Why You Shouldn’t Write Vanilla CSS

Why writing your vanilla CSS is a bad idea?

The method used for writing CSS has not changed for years now.

Most developers still use the old and well-know way of styling their stylesheets. Adding all the styling in one huge file. Adding and adding until the file becomes a huge maintenance mess.

At the beginning of the project, you think to yourself, I will create one file for the styles. And, later on, I will expand as needed.

But in no time you find out that you need to change the styling of an element in any particular part of the page. And now, the fun starts. Looking through hundreds, thousands of lines of pretty much the same code.

Of course, you can search for that particular element or class in all of the well-known code editors. Change the styling in that, one place, and move on.

But what if you need to change it in several places?

Looking through your HTML to find what element and class you used on that particular part of the page. Then, searching again through the stylesheet and updating it. You can easily lose time here.

You see where I am going with this?

That’s when CSS preprocessors come in to play.

What? What is a preprocessor?

Well, according to

MDN Web Docs, a CSS preprocessor is a program that lets you generate CSS from the preprocessor’s own unique syntax.

Preprocessors allow writing of regular CSS, just as you would write it anywhere else. But they also expand these possibilities, giving us many more options to write the code.

There are plenty of preprocessors in use today. The popular ones are Sass, Less, and Stylus.

The preprocessors themselves are very similar. The main differences are in the language syntax, and the feature set.

In this article, I will not go in-depth for each one of them. This is just a quick introduction to what can be achieved with them. And, how they can benefit your project, regardless of the size of it.

For this article, I will be using Sass as an example.

Variables

Variables are a way of saving reusable styles. Ones that can be used throughout your stylesheet. Any CSS value that you think you can reuse can be saved as a variable. Fonts, colors, whatever you need can work.

The $ symbol is used in Sass to declare a variable.

Here is an example of variables being used for storing color values. This can be extremely helpful when working with brand colors. And, overall keeping consistency over the whole website.

$primary-color: #333;
body {
  color: $primary-color;
}

We declare the variable $primary-color and set a value to it. Afterward, we can use the declared variable wherever we need it in the codebase.

And, this is what we get out in the CSS output.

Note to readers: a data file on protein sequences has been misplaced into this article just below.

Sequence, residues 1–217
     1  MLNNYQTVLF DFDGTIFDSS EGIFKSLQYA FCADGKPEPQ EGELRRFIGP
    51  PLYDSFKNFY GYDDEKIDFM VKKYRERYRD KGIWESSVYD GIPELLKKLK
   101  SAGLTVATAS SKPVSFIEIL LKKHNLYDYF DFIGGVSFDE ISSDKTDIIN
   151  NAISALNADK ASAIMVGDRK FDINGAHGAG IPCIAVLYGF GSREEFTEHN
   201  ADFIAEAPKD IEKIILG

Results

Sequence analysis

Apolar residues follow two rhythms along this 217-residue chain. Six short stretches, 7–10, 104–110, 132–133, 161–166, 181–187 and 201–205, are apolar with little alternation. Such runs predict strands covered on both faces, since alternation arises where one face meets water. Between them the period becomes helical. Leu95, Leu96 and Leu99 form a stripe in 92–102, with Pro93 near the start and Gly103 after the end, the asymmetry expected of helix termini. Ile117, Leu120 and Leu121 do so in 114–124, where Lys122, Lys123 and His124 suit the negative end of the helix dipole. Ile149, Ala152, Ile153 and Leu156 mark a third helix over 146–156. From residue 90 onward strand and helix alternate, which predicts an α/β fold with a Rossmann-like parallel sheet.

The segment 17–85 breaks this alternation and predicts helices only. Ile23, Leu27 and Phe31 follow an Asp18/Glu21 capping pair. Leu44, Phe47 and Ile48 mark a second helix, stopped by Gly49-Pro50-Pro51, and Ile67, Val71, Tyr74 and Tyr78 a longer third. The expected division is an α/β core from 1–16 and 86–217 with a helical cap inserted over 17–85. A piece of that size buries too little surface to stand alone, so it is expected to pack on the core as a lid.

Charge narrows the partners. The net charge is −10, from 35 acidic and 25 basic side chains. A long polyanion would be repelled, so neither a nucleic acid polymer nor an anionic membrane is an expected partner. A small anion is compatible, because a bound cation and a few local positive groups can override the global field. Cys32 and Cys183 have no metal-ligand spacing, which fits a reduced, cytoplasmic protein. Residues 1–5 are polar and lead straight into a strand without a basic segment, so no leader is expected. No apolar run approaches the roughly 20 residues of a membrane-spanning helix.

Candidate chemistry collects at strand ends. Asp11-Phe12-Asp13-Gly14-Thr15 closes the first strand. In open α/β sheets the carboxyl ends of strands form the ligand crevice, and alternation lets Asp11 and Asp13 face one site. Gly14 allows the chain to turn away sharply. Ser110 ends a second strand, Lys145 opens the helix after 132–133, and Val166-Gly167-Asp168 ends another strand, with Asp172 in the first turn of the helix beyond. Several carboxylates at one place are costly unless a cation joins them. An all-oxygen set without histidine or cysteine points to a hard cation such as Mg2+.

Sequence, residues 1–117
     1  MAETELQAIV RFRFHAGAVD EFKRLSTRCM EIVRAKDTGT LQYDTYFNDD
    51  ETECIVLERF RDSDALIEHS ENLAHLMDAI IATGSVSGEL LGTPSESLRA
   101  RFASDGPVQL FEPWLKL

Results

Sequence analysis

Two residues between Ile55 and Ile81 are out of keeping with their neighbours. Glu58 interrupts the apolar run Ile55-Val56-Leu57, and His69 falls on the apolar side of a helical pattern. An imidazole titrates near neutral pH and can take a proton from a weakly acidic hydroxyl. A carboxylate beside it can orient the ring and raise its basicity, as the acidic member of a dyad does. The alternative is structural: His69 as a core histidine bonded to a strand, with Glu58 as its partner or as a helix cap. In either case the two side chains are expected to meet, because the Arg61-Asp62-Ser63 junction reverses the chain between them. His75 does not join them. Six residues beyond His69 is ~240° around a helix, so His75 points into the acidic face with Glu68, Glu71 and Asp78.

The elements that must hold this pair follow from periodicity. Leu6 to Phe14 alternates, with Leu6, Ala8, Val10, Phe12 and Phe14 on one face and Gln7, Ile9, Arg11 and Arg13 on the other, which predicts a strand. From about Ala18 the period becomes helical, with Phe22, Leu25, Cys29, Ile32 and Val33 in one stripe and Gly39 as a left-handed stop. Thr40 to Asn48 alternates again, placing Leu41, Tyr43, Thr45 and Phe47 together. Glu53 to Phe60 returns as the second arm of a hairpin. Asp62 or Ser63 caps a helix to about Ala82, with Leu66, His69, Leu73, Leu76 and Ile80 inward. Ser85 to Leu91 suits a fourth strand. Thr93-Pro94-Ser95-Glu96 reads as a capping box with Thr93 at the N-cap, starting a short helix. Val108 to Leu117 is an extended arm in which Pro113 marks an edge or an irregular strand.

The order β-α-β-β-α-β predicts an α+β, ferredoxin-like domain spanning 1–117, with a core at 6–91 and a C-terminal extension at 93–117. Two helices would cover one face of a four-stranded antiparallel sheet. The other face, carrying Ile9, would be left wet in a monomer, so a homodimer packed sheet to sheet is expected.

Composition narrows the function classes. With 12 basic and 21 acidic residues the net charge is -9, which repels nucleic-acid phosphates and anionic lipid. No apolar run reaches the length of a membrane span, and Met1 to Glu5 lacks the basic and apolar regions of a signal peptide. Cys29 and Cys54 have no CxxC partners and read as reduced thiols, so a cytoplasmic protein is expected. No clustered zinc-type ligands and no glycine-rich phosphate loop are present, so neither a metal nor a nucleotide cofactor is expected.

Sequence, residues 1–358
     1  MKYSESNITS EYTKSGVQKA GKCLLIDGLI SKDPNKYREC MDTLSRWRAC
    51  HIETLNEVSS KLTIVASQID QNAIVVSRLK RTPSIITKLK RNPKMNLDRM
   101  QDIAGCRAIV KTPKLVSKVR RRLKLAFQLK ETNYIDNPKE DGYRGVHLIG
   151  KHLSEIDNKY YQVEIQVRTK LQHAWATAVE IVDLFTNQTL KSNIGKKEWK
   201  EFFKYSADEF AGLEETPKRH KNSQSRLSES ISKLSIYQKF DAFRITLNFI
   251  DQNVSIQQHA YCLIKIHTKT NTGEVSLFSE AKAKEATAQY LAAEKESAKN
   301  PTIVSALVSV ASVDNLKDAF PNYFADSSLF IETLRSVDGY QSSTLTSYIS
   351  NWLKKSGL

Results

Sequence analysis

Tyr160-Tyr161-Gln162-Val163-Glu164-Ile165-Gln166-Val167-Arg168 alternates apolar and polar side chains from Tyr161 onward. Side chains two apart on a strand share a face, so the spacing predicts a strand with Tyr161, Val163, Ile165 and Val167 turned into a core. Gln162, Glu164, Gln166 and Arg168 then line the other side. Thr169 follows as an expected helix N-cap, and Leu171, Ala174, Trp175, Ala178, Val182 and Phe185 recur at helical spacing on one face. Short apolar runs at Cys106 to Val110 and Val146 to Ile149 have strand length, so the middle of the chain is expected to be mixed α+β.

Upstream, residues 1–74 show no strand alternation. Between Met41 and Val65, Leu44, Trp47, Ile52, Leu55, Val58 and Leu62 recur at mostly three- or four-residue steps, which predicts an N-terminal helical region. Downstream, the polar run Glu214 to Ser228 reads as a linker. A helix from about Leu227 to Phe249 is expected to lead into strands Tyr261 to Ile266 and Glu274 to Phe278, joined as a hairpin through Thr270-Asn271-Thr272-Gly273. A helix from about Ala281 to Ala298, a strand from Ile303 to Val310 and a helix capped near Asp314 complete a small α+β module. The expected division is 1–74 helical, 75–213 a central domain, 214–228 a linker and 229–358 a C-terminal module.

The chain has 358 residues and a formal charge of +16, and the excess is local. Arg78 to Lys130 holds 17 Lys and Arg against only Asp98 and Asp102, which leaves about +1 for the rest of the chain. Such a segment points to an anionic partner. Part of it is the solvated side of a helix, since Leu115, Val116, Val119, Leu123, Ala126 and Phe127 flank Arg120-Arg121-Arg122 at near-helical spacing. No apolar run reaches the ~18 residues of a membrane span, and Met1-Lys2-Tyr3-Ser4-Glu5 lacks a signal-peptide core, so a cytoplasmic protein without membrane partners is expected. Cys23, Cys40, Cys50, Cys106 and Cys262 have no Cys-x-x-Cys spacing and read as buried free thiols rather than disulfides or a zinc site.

body {
  color: #333;
}

This is a very simple example. But imagine $primary-color being used in multiple places throughout the stylesheet. Especially when changing the theme color of a website. We declare the value of the color in one place, reuse it, and whenever we want to change it. We just, update the value in the variable at the beginning.

Nesting

Wouldn’t it be awesome if we could write plain CSS the same way we write our HTML files?

HTML has a clear nested and visual hierarchy. On the other hand, CSS does not.

With Sass, we can write our styling in the same manner. Sass allows nesting of selectors. The only thing that we need to look out for here, is that we avoid nesting too deeply. With every next nesting, we are adding more complexity to our selectors in the CSS output. That can be hard for future maintenance, so it is considered a bad practice.

nav {
  ul {
    margin: 0;
    padding: 0;
    list-style: none;
  }
  li { 
    display: inline-block; 
  }
  a {
    display: block;
    padding: 6px 12px;
    text-decoration: none;
  }
}

In this example, we are styling a typical navigation bar. Using the nesting capabilities of Sass saves us time, and it improves the readability of the code.

The CSS output.

nav ul {
  margin: 0;
  padding: 0;
  list-style: none;
}

nav li {
  display: inline-block;
}

nav a {
  display: block;
  padding: 6px 12px;
  text-decoration: none;
}

Partials

Partials are a great way to modularize your code into smaller reusable parts. They are partial Sass files that contain snippets of CSS code. Using partials is a great way to avoid huge stylesheets.

A partial is named with a leading underscore. Something like _partial.scss.

When Sass encounters an underscore, it knows not to generate the partial in the CSS output. The partial is only used when it is referenced in a file with the @use rule.

Modules

To further simplify our stylesheets, to shorten them, we can use modules.